On the other hand, the traditional Italian manufacturer Moroso pays homage to Switzerland. The Chandigarh chair, created by Nipa Doshi from India and Jonathan Levien from Scotland, is named after a city in northern India which was redesigned by Le Corbusier, the great Swiss architect.
Like design, the world is becoming increasingly globalised, yet it sometimes returns to its starting point.
Trade fair data
The International Furniture Fair opened on April 17 and runs until April 22.
In total, the event at the Milan trade fair occupies an area of 209,000 square metres, with 2,500 exhibitors, 70% of whom are foreign. A total of 11 Swiss companies are exhibiting.
The organisers are hoping for an attendance of 300,000 people from 160 countries.
This year the trade fair has devoted four areas to the kitchen, where there is a show of ovens and other domestic appliances which respond to commands issued from a tablet PC or computer.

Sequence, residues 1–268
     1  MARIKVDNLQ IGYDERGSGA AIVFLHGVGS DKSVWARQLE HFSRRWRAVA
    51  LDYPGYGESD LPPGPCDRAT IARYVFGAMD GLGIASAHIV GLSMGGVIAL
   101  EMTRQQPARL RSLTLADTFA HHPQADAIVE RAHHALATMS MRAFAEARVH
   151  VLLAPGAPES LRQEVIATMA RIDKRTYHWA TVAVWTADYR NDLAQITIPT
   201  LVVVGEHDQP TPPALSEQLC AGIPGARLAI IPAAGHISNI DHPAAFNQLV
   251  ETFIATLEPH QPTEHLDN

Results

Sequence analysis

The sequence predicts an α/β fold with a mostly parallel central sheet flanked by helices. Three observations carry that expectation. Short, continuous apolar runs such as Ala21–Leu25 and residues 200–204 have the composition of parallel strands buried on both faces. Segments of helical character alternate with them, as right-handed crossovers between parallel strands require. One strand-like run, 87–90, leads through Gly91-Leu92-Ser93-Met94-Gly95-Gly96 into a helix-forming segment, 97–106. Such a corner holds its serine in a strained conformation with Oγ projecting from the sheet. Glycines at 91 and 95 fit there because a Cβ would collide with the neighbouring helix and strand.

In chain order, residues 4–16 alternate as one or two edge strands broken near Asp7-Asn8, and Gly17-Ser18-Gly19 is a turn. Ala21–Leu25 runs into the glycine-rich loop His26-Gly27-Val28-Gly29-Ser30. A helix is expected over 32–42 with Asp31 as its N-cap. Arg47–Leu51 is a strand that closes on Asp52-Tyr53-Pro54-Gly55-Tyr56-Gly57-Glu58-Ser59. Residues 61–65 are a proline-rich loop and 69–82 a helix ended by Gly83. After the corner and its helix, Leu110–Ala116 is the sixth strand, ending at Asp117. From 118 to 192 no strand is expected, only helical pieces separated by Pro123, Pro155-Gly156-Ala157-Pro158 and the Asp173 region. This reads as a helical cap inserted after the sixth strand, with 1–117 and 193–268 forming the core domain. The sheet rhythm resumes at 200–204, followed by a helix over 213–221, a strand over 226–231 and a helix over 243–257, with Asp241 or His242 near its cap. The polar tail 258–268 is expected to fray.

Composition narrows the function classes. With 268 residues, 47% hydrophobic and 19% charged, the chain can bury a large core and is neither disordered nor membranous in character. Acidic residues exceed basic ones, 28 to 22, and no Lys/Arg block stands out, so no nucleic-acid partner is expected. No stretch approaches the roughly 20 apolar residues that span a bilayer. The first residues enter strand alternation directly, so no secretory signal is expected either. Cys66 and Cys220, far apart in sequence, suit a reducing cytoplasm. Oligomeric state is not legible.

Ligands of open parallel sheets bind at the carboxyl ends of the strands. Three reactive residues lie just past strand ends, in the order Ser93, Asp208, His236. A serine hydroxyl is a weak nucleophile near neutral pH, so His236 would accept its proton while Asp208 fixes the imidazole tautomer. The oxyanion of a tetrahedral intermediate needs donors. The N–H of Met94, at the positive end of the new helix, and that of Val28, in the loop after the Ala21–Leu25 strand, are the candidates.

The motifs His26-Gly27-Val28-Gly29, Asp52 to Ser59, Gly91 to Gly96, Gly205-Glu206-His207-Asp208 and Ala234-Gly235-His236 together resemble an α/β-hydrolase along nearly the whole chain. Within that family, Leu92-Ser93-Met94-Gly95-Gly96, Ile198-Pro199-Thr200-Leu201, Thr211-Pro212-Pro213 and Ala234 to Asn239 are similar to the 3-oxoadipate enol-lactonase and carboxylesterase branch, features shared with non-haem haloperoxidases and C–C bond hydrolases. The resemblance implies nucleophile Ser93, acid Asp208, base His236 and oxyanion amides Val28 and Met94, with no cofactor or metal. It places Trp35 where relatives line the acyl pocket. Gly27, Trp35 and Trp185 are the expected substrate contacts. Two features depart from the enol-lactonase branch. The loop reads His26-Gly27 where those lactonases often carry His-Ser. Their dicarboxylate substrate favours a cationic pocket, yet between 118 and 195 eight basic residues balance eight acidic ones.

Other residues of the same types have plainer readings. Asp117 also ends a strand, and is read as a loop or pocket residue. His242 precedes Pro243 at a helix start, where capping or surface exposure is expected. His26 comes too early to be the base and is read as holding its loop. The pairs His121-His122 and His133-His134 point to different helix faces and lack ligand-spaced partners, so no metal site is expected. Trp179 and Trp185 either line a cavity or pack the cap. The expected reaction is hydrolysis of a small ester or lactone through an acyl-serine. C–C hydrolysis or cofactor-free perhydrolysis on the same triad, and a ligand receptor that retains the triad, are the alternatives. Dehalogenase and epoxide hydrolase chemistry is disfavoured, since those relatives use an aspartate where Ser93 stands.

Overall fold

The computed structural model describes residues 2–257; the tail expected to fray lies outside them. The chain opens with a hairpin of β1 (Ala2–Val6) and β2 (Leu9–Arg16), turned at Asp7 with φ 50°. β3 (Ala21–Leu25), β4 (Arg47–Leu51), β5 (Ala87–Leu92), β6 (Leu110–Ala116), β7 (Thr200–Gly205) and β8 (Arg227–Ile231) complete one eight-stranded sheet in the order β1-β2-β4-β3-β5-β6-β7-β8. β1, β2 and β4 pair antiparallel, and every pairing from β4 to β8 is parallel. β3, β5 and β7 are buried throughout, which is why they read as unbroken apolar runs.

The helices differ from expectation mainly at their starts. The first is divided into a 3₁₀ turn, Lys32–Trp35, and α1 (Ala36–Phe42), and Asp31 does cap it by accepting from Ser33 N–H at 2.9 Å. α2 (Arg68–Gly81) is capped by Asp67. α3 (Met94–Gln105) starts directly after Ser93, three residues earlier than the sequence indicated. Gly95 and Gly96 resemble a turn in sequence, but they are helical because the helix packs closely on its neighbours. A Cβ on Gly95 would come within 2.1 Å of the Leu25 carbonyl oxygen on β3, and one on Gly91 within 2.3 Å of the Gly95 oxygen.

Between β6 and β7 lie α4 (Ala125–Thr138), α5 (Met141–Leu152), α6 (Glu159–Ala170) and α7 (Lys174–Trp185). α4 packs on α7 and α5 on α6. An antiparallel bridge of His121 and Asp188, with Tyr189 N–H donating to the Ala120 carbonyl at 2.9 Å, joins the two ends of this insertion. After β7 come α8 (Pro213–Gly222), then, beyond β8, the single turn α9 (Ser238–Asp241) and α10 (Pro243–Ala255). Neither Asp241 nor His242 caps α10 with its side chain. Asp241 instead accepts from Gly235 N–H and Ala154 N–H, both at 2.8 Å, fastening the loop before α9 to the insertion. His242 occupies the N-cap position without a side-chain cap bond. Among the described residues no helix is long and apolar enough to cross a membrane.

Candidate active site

The International Furniture Fair takes place at the Fiera di Rho, but it also takes in the whole city of Milan with meetings, workshops and parties.end of infobox
This year, the theme of the Salone Satellite, which showcases projects by the younger generation, was “Technological Design”. Satellite stipulates that the maximum age of the designers is 35.
The current show features 17 design schools, among them the University of Art & Design Lausanne.
In the past 15 years, Satellite has taken in 750 young designers from 80 countries who have exhibited 8,000 projects.end of infobox